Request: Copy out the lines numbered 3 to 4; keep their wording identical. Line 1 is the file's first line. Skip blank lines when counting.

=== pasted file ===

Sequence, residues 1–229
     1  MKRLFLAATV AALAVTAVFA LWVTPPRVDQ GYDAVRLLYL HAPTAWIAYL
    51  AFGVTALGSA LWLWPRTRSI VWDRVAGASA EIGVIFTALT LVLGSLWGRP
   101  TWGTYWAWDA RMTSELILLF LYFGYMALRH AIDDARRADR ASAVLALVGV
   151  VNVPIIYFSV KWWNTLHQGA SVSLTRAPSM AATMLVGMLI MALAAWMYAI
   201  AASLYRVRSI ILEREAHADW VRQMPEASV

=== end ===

    51  AFGVTALGSA LWLWPRTRSI VWDRVAGASA EIGVIFTALT LVLGSLWGRP
   101  TWGTYWAWDA RMTSELILLF LYFGYMALRH AIDDARRADR ASAVLALVGV